The relationship between generalized anxiety disorder, depression and mortality in old age

Authors


Abstract

Background

The association between depression and an increased risk of death in elderly persons has been established in both clinical and community studies. Co-occurrence of depression and generalized anxiety has been shown to represent more severe and more chronic psychopathology. However, little is known about the relation between generalized anxiety disorder, mixed anxiety-depression (generalized anxiety disorder and depression) and excess mortality in the elderly.

Objective

To investigate whether generalized anxiety and mixed anxiety-depression are associated with mortality.

Method

Generalized anxiety disorder, mixed anxiety-depression and depression were assessed in 4051 older persons with a ten-year follow-up of community death registers. The mortality risk of generalized anxiety, depression and mixed anxiety-depression was calculated after adjustment for demographic variables, physical illness, functional disabilities and social vulnerability.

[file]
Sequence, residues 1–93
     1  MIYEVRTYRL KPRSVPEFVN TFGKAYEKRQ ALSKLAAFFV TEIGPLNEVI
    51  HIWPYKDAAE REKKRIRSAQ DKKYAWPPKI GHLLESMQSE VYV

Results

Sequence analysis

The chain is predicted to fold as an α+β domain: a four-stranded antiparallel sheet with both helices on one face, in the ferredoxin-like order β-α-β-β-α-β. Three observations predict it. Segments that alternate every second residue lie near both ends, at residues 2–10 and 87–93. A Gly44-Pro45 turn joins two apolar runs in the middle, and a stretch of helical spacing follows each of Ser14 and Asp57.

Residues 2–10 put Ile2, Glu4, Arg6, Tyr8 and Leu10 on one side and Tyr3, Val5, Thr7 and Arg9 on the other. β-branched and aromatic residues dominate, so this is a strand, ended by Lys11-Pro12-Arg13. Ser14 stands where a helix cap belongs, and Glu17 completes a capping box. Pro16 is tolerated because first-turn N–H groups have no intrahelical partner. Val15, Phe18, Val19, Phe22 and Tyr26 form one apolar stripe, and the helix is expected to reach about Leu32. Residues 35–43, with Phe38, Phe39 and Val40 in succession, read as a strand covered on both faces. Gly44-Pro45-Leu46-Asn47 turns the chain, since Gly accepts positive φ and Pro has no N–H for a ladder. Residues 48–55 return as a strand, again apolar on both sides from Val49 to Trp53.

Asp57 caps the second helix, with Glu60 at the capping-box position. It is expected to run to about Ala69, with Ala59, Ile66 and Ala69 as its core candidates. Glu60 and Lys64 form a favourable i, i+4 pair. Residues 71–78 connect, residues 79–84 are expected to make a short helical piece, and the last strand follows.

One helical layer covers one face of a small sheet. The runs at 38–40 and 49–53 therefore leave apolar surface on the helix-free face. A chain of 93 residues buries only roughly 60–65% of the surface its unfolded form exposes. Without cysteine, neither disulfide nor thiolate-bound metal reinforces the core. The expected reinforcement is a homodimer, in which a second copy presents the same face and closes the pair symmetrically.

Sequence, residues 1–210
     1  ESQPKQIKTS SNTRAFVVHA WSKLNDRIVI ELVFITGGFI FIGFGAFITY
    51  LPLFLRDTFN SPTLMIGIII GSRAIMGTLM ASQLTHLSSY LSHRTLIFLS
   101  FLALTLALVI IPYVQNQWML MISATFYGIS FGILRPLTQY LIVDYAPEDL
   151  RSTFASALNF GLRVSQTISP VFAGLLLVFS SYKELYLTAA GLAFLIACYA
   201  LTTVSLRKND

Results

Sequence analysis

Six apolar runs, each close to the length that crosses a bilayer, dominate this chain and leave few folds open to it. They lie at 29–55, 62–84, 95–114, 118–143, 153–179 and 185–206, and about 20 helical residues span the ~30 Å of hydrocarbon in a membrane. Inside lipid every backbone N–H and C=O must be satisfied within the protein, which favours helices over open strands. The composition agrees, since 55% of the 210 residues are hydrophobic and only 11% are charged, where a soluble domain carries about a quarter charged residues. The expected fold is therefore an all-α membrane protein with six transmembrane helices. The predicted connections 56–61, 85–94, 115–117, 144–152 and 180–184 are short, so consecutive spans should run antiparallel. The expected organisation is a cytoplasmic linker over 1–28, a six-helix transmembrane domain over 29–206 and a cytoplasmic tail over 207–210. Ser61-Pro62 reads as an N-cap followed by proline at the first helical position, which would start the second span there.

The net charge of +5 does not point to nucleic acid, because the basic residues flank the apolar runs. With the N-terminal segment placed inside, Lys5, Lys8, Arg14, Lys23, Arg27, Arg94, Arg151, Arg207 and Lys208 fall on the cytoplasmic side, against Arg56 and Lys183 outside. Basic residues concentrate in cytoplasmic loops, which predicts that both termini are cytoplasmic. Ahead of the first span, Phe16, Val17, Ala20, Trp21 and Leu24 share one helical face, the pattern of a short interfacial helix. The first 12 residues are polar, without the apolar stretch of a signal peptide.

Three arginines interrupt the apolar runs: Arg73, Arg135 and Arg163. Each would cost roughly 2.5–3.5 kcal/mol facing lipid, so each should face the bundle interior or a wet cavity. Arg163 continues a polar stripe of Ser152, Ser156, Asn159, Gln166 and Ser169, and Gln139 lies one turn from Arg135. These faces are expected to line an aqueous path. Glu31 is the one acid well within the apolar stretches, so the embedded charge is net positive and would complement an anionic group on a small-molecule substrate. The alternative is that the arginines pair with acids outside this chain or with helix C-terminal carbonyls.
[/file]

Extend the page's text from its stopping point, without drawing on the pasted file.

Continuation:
Results

In generalized anxiety disorder and mixed anxiety-depression no significant excess mortality was found. In depression a significant excess mortality was found in men [HR 1.44 (1.09–1.89)] but not in women [HR 1.04 (0.87–1.24)] after adjustment for the different variables.

Conclusions

In elderly persons depression increases the risk of death in men. Neither generalized anxiety nor mixed anxiety-depression are associated with excess mortality. Generalized anxiety disorder may even predict less mortality in depressive elderly people. The relation between generalized anxiety disorder and its possibly protective effect on mortality has to be further explored. Copyright © 2006 John Wiley & Sons, Ltd.

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